Ehud Olmert, cat.
CREDIT: Sarah Lazarovic
In preparation for the meeting with Lev’s preschool teacher, I shaved and took my good suit out of the closet.
“It’s a ten-in-the-morning meeting,” my wife laughed. “The teacher will probably be wearing sweat pants. And with that white shirt and jacket, you’ll look like a groom.”
“Like a lawyer,” I corrected her. “And when the meeting’s over, you’ll thank me for dressing up.”
“Why are you acting like she wants to talk to us because Lev did something bad?” my wife protested. “Maybe she just wants to tell us that Lev is a good kid who helps the other kids in his group?”
I tried to picture our Lev in the preschool yard generously sharing his sandwich with a scrawny, grateful classmate who forgot to bring a snack that day. The incredible strain of trying to conjure up that image almost gave me a stroke. “Do you really think they asked us to come to hear about something nice Lev did?” I decided to abandon my rather limited imagination and focus instead on my wife’s surprising optimism.
“No,” she admitted sadly. “I just like arguing with you.”
The teacher was actually wearing sweat pants, but she really liked my suit and enjoyed hearing that it was the same suit I wore to my wedding.
“But then he could still wear it without having to hold in his stomach,” my wife said, and she and the teacher exchanged the empathetic smiles of women stuck with men who have three pizzerias on speed dial but have never seen the inside of a gym.
“Actually,” the teacher said, “the reason I asked you to come does have something to do with food.”
The teacher told us that little Lev had forged a secret pact with the school cook, that she was bringing him chocolate on a regular basis, even though the board of education had strictly prohibited children from eating sweets on school grounds. “He goes to the bathroom and comes back with five chocolate bars,” the teacher explained. “Yesterday, he sat in a corner and kept eating until streams of chocolate started running out of his nose.”
“But why don’t you talk to the cook about it?” my wife asked.
“I’ve already done that,” the teacher sighed. “But she says Lev is so manipulative that she just can’t help it.”
“And you think it’s possible,” my wife continued, “that a 4-year-old can control an adult and force her to—”
“Don’t pay attention to her,” I whispered to the teacher. “She knows it’s possible. She just likes to argue.”
In the afternoon, I took advantage of a friendly soccer game with Lev to have a heart-to-heart. “You know what Ricki, your teacher, told me today?” I asked.
“That even though I water her computer every morning, it doesn’t help and the screen will always stay a midget?” Lev asked.
“No,” I said. “She told me that Mari the cook brings you chocolate every morning.”
“Yes,” Lev said happily. “Lots and lots and lots of chocolate.”
“Your teacher also said that you eat all the chocolate yourself and won’t share it with the other kids.” I added.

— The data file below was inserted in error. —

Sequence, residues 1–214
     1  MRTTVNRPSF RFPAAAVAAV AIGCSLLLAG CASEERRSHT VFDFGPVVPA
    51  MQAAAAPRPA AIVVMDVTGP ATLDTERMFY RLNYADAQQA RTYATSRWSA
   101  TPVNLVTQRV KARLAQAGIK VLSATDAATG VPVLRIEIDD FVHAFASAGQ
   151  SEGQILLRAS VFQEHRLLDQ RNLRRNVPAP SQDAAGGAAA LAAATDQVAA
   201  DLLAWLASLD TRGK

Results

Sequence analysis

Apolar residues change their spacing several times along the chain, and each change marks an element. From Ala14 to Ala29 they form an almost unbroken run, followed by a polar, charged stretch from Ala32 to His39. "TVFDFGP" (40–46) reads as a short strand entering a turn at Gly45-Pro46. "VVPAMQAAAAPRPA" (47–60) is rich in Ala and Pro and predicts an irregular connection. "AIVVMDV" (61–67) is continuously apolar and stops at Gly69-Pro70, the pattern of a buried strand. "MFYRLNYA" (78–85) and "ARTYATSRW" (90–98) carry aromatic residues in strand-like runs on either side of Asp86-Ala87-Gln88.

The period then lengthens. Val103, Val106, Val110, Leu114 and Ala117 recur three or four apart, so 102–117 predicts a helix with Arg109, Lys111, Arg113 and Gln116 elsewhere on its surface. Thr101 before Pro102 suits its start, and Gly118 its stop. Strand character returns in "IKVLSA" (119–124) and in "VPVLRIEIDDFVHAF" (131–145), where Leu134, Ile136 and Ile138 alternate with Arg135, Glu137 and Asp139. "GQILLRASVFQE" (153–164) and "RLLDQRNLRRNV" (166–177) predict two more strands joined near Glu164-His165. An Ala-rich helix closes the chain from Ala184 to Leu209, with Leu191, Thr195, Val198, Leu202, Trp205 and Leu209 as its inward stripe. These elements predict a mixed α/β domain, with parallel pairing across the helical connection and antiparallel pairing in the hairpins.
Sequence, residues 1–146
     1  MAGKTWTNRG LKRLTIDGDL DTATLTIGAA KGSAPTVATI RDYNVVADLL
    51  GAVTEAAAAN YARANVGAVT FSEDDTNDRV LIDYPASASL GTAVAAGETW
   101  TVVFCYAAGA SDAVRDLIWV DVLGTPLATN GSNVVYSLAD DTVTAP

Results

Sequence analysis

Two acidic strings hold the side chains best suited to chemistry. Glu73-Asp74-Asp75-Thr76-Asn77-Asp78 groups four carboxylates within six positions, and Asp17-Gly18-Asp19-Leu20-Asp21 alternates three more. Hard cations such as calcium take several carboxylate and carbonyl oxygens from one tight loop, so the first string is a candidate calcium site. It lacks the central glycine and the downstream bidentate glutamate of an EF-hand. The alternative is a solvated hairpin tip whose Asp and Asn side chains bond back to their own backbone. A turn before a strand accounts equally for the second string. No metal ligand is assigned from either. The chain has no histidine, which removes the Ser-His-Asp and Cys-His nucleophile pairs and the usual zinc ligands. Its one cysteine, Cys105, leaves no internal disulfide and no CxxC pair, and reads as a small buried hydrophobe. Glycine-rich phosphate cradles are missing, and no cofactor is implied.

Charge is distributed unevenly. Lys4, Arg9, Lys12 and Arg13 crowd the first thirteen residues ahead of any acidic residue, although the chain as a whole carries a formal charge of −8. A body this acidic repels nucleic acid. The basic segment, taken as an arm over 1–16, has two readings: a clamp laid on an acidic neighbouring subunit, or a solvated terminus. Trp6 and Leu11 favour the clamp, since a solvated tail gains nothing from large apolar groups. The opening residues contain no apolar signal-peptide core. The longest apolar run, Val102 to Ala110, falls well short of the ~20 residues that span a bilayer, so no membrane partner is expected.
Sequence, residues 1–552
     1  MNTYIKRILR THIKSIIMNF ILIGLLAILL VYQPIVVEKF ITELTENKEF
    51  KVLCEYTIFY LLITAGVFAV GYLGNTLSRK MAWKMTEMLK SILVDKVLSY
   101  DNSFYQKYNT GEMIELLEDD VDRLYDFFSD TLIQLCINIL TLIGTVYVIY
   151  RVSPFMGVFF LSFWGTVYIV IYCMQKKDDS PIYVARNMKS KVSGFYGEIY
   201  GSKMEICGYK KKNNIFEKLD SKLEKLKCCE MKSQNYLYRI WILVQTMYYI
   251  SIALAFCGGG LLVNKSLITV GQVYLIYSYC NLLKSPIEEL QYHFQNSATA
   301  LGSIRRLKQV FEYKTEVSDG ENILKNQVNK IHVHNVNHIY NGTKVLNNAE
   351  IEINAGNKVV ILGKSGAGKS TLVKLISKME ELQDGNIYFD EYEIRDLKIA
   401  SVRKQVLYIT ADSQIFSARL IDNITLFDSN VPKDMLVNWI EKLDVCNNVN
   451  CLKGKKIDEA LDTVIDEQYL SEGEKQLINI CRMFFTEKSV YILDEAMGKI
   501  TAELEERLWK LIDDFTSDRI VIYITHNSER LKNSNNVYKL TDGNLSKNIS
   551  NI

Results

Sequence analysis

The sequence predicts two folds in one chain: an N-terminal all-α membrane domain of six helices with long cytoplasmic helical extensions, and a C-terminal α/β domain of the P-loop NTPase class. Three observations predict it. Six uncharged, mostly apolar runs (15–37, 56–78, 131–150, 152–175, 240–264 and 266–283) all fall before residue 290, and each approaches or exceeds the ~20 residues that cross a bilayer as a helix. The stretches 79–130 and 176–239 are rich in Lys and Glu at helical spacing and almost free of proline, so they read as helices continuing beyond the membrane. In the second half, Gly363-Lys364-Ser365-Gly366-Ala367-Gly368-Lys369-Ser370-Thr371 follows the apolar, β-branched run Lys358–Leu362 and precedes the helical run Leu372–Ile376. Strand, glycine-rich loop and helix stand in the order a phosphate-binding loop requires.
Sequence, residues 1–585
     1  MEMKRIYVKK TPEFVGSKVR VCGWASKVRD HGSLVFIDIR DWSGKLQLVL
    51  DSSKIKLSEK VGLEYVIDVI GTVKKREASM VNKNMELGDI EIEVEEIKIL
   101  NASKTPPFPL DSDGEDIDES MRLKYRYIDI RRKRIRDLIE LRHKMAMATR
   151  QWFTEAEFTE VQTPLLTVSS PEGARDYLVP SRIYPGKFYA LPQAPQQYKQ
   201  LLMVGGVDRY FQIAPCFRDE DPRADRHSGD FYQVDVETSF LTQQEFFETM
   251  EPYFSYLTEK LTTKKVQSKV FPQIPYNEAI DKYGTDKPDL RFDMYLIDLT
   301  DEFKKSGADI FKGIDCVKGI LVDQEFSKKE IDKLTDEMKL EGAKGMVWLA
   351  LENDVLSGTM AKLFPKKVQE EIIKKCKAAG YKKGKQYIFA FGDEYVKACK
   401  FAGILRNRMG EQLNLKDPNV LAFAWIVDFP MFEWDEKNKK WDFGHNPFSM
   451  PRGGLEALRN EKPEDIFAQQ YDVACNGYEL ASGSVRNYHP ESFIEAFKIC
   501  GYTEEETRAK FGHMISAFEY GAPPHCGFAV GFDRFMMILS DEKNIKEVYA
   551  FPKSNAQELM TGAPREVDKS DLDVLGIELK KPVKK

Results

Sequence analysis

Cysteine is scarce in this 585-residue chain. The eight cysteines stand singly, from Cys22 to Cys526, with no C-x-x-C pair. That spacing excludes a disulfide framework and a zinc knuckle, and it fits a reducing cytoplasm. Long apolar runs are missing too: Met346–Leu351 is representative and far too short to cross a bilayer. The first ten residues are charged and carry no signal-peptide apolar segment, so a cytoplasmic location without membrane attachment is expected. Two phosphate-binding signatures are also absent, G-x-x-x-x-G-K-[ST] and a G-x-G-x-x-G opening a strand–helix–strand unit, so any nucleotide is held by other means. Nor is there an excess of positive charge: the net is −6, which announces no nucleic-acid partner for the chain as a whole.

“Yes,” Lev agreed quickly. “But I always explain to them that I can’t give them any because kids aren’t allowed to eat sweets in school.”
“Very good,” I said. “But if kids aren’t allowed to eat sweets in school, why do you think you can?”
“Because I’m not a kid,” Lev smiled a pudgy, sneaky smile. “I’m a cat.”
“Meow,” Lev answered in a soft, purry voice. “Meow, meow, meow.”
The next morning, I was drinking coffee in the kitchen and reading the papers. The coach of the Israeli national soccer team was caught by customs smuggling more than $25,000 worth of cigars into the country. A Knesset member from the Shas party bought a restaurant and forced his parliamentary aide, paid out of the Knesset budget, to work there. Basketball coaches for Maccabi Tel Aviv, the country’s star team, are facing charges of income tax evasion. Then, while I ate breakfast, I read a little about the trial of former Prime Minister Ehud Olmert, accused of graft, and topped it all off with a short item stating that former Finance Minister Avraham Hirshson, presently incarcerated for embezzlement, has been called “a model prisoner” by his fellow inmates.
For years I’ve struggled in vain to understand why such well-heeled, successful people choose to break the law, risking punishment and scorn, when they already have everything. Olmert, after all, was not living in abject poverty when he forged flight expenses so he could squeeze another thousand dollars out of Yad Vashem. And Hirshson wasn’t exactly starving when he embezzled money from the organization for which he was working. But then, after that heart-to-heart with Lev, it all suddenly became clear. Those men, just like my son, cheat and steal and lie only because they are sure they are cats. And as adorable, furry, cream-loving creatures, they don’t have to abide by the same rules and laws all those sweaty two-legged creatures around them have to obey. With that in mind, it’s easy to predict the former prime minister’s line of defense:
Prosecutor: Mr. Olmert, are you aware of the fact that forgery and fraud are against the law?
Olmert: Of course. As a moral, law-abiding former prime minister, I am completely aware that they are against the law for all the citizens of the country. But if you read the country’s laws carefully, you will see that they don’t apply to cats! And I, sir, have been well-known throughout the world as a lazy fat cat.
Prosecutor (flabbergasted): Mr. Olmert, certainly you do not expect the court to take your last remark seriously.
Olmert (licking the cuffs of his Armani suit): Meow, meow. meow.
Translated by Sondra Silverston.